Last night I finished the brief writings C.S. Lewis penned after the loss of his wife, Joy. How I ended up checking this particular book out at the local library is a story for another day. Packed inside the brief 76 pages there is more wisdom than I have probably successfully communicated in the 633 posts that make up this little website to date.

If I this had been my own copy of the book, I might’ve underlined the entire manuscript from start to finish. And there would’ve been no less than thirty-seven stars in the margins.

Originally published under the pseudonym of N.W. Klerk, within the four brief chapters Lewis very honestly writes his heart onto the pages as he works through the grief of the loss of his wife, and considers how the new life he must live on the other side of hers affects his understanding of God.


Although I expect many of the profound lessons in these brief pages will come up in conversations here at a later date, I wanted to share one specific thought that meant a great deal to me.

Lewis discusses how he initially was very angry that he couldn’t find any photographs of his wife that properly captured her likeness. It was a great trouble to his mind that he might remember her the way his mind wanted to remember her, rather than the way she really was.

Later he says, “It doesn’t matter that all the photographs of H. are bad. It doesn’t matter–not much–if my memory of her is imperfect. Images, whether on paper or in the mind, are not important for themselves. Merely links. Take a parallel from an infinitely higher sphere. Tomorrow morning a priest will give me a little round, thin, cold, tasteless wafer. Is it a disadvantage–is it not in some ways an advantage–that it can’t pretend the least resemblance to that with which it unites me?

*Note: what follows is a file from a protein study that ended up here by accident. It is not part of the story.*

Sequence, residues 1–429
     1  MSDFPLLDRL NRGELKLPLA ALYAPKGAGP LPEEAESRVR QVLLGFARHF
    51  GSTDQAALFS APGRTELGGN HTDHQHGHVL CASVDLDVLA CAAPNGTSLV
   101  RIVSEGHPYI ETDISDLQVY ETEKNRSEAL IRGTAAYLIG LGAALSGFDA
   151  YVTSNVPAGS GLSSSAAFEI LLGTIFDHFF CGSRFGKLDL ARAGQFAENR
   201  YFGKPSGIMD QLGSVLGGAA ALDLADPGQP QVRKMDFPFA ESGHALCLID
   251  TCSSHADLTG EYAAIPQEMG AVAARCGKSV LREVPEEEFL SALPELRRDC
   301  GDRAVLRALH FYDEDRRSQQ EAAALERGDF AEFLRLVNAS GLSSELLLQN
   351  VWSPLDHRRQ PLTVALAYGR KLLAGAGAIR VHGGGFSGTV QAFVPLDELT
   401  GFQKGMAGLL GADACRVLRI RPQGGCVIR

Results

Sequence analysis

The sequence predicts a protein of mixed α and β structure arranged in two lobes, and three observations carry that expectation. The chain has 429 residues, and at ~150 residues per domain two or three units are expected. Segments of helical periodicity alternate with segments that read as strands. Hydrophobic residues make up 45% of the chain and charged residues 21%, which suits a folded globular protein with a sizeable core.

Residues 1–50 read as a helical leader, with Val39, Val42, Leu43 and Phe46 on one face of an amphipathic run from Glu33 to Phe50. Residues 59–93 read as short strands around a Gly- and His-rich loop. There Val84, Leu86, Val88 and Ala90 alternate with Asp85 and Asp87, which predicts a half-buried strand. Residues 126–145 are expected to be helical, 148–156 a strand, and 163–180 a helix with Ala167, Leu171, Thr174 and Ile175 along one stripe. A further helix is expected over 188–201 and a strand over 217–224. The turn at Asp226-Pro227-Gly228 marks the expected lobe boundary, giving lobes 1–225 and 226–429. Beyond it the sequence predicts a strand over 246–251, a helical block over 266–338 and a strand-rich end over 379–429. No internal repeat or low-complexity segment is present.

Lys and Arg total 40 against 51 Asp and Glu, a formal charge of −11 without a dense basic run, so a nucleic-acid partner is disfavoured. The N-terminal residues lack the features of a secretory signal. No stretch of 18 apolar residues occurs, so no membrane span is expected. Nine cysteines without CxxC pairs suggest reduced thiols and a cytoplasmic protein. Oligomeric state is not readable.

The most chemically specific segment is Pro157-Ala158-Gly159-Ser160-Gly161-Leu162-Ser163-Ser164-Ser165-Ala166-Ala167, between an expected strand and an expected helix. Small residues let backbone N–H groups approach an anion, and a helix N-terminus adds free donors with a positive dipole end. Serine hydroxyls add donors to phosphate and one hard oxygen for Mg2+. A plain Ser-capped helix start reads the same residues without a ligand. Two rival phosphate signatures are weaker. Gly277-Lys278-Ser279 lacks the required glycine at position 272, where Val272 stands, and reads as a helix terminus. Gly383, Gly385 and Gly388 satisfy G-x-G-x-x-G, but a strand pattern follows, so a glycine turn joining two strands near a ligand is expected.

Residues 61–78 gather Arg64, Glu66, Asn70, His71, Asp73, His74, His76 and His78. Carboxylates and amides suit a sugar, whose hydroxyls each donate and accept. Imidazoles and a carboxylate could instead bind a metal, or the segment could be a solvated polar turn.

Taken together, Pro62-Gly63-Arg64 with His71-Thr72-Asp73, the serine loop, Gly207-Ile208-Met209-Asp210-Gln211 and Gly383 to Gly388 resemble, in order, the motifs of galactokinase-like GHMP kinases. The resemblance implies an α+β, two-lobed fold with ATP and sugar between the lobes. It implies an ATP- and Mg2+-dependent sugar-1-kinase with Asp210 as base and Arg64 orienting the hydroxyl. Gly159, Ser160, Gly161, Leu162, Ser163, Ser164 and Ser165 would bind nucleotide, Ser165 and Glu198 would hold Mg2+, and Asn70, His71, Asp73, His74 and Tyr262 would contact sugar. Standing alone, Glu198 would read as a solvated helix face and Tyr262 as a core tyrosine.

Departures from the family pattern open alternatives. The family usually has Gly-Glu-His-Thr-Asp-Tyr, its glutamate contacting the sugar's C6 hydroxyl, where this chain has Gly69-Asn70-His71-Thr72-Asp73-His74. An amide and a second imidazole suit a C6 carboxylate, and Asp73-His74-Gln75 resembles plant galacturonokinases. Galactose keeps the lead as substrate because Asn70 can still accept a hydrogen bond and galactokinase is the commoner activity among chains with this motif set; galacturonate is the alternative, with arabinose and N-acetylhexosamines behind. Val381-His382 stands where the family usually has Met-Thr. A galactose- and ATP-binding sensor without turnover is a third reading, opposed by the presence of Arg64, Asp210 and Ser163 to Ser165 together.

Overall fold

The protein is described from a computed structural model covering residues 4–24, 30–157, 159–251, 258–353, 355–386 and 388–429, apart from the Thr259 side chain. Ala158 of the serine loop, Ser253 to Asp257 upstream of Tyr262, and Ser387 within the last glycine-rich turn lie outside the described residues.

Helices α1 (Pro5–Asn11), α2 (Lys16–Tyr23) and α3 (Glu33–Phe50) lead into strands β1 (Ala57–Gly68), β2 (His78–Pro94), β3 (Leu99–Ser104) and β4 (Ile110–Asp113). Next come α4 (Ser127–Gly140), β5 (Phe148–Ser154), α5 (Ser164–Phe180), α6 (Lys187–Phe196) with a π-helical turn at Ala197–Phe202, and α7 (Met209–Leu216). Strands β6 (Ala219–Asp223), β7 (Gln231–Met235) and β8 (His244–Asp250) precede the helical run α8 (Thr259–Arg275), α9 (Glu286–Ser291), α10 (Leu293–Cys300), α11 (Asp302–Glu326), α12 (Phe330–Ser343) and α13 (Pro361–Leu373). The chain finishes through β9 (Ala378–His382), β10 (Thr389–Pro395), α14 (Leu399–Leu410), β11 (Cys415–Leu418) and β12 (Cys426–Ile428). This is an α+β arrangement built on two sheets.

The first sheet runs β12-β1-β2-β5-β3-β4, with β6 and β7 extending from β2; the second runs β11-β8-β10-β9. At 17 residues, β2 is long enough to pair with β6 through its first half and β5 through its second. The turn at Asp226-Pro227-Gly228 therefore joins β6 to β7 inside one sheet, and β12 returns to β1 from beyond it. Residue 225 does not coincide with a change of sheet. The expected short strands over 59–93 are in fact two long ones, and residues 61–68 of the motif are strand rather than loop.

I need Christ, not something that resembles Him. I want H., not something that is like her. A really good photograph might become in the end a snare, a horror, and an obstacle.” (p. 65)

He draws from this new understanding a lesson that I had to read and re-read:

“My idea of God is not a divine idea. It has to be shattered time after time. He shatters it Himself. He is the great iconoclast.”

{Note to reader, just in case: Iconoclasm is the deliberate rejection or destruction of religious symbols as heretical. An iconoclast is a person who destroys those symbols (often statues or images).}

The text continues:

“Could we not almost say that this shattering is one of the marks of His presence? The Incarnation is the supreme example; it leaves all previous ideas of the Messiah in ruins.” (p. 66)

Isn’t it such an impressive and confuzzling paradox that the very God that we worship is the one who shatters our previous images of Him? Our finite minds simply cannot contain the significant other-ness of God. Whenever we think we’ve got Him pinned, there He goes, telling the one who is without sin to cast the first stone, asking Zacchaeus to come down from the tree, telling me to go drink a beer with an old friend.

Has God shattered an image you had of Him lately? If He wanted to would you let Him?

Thank you, C.S. Lewis, for choosing to write your way through grief. What a gift to me, and to many.



  • I’m planning to share an example of a shattering tomorrow, if you’d like a little practical evidence of what I’m talking about.
  • You can probably pick up a copy of A Grief Observed by C.S. Lewis at your local library. It is also available at Amazon: A Grief Observed. {So ya know: Clicking that link should take you to the book at Amazon. Buying the Book should send me a tiny kickback.}